By Dylan Deprey
“At the time I was arrested, I had no idea it would turn into this. It was just a day like any other day. The only thing that made it significant was that the masses of the people joined in.”
She was the first lady of civil rights” and “the mother of the freedom movement.” Rosa Parks was a catalyst for change during the Jim Crow era.
On Dec. 1, 1955, Parks denied giving up her seat to a white passenger on a Montgomery, AL city bus. While four others moved, she stayed put, and the driver had her thrown in jail.
She said wasn’t tired when they asked her to move, she was “tired of giving in.” Her defiant act was the catalyst for the Montgomery Bus Boycott and the Civil Rights Movement. Her inspiration activated others and the Supreme Court eventually ruled in their favor.
Milwaukee County Transit System announced they will be honoring Parks with an open seat, special placard and a rose on every MCTS bus from Dec. 1-3, to celebrate her activism and commemorate her legacy.
“Rosa Parks was a trailblazer who was guided by the North Stars of equality, justice and compassion to make our country better and stronger,” said County Executive Chris Abele during a press conference Nov. 27.
“As we commemorate her on our buses, we must remember our own obligations to carry her legacy forward and correct the historical and present injustices in Milwaukee County,” he said.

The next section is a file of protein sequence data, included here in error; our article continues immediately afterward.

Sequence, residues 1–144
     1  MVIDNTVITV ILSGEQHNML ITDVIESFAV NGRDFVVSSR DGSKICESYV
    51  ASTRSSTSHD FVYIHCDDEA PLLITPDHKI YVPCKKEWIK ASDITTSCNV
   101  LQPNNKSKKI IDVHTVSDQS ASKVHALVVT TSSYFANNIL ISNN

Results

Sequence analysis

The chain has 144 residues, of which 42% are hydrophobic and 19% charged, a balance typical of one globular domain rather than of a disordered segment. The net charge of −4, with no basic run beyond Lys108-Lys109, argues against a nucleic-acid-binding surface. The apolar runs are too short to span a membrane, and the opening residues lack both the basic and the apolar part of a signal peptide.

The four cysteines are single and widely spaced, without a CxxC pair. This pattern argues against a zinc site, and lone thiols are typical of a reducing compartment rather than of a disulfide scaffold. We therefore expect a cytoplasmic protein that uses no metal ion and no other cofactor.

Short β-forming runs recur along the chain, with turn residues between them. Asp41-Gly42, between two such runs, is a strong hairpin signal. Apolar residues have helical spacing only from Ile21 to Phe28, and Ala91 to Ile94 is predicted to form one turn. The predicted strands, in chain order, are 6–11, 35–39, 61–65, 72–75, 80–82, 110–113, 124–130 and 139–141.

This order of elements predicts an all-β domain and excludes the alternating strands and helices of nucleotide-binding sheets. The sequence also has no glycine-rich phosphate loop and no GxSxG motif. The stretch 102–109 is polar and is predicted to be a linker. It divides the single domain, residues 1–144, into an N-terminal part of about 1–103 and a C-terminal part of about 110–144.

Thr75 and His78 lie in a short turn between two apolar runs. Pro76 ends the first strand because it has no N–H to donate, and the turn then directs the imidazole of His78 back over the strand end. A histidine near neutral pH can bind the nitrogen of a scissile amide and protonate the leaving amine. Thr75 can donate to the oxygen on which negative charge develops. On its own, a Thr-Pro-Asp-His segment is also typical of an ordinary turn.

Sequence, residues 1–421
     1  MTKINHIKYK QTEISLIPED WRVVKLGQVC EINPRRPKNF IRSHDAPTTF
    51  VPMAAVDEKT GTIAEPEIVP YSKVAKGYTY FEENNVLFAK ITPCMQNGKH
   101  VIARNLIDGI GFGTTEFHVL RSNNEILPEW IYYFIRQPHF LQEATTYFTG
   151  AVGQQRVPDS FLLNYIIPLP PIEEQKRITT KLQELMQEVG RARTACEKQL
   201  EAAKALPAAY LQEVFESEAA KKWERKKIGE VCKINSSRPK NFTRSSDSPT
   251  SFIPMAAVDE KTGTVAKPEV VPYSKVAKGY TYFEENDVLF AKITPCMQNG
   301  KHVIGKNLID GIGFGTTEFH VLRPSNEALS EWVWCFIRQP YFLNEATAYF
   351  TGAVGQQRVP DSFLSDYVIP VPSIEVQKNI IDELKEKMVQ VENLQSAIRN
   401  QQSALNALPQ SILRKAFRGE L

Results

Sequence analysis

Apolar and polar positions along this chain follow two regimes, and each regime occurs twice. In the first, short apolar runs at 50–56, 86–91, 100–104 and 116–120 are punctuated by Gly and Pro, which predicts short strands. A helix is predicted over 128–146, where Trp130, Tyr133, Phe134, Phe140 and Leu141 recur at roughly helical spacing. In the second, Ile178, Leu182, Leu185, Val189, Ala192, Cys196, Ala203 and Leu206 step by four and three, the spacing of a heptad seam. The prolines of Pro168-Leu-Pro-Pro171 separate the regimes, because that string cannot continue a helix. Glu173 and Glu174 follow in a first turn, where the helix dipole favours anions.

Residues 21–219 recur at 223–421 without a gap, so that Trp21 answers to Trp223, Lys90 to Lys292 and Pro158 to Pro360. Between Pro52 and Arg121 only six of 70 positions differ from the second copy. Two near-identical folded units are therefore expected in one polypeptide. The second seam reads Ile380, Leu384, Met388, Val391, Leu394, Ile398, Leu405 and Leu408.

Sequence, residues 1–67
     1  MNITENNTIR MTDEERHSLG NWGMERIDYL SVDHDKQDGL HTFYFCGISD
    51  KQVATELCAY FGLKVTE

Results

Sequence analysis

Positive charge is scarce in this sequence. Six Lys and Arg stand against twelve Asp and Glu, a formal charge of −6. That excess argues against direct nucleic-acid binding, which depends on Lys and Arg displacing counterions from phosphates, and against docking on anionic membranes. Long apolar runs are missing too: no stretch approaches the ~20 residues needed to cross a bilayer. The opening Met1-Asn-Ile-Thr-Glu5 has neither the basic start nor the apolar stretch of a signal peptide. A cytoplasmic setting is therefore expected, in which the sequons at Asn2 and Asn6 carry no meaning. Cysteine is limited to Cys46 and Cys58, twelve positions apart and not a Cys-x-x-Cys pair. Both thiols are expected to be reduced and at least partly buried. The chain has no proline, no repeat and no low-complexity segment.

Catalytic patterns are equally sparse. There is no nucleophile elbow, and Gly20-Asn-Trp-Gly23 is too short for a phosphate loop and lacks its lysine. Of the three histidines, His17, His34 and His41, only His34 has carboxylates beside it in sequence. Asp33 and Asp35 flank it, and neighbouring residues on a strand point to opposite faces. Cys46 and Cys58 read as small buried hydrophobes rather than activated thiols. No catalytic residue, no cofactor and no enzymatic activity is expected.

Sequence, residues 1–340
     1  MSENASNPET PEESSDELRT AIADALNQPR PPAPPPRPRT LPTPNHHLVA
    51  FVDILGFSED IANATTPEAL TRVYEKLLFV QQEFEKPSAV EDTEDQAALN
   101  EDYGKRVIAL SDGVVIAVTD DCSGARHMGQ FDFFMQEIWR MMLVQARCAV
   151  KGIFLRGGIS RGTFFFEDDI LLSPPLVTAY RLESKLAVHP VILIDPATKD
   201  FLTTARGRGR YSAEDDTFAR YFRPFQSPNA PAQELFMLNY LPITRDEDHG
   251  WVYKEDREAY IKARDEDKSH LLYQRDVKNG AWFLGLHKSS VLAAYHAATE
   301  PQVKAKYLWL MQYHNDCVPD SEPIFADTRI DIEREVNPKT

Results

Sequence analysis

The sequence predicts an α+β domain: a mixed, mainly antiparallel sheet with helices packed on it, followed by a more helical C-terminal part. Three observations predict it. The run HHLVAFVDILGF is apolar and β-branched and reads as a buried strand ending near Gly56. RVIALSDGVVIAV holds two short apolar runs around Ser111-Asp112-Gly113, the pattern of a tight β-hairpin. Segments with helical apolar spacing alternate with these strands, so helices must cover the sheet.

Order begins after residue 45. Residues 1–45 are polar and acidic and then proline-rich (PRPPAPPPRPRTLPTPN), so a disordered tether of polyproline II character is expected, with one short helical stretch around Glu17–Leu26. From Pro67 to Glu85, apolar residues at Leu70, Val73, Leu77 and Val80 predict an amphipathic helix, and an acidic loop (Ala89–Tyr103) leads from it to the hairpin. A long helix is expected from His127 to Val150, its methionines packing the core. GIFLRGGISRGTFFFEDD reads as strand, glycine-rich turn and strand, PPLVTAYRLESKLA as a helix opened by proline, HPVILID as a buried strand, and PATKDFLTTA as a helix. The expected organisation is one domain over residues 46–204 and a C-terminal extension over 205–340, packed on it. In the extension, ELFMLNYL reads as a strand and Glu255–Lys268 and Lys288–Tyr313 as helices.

Donna Brown-Martin, Milwaukee County Dept. of Transportation Director, said this was MCTS’s fifth year honoring Parks famous act of civil disobedience. She said the first livestream tribute attracted local teachers the and National media, and they have been doing it ever since.
“It’s so important to keep her in our hearts and share it with our kids,” Brown-Martin said. “MCTS is inviting the community to mark this occasion to remember her bravery, inspiration and grace.”
Earlier this year, the Milwaukee County Office on African American Affairs declared racism a public health crisis. Nicole Brookshire, OAAA Director, said the Rosa Parks tribute was an extension of the county’s mission to bring racial equity to public discourse and the decision-making process.
“By refusing to give into racism and oppression, Rosa Parks demonstrated bravery that continues to inspire us six decades later,” Brookshire said.
Abele added that the tribute was a conversation piece during this time of year. He said Rosa Parks spirit should inspire everybody to continue to work towards equality.
“All of us have a responsibility to honor the work of our civil rights leaders, and to do our part to continue, grow and advance our efforts to achieve racial equity and make Milwaukee the healthiest county in Wisconsin,” Abele said.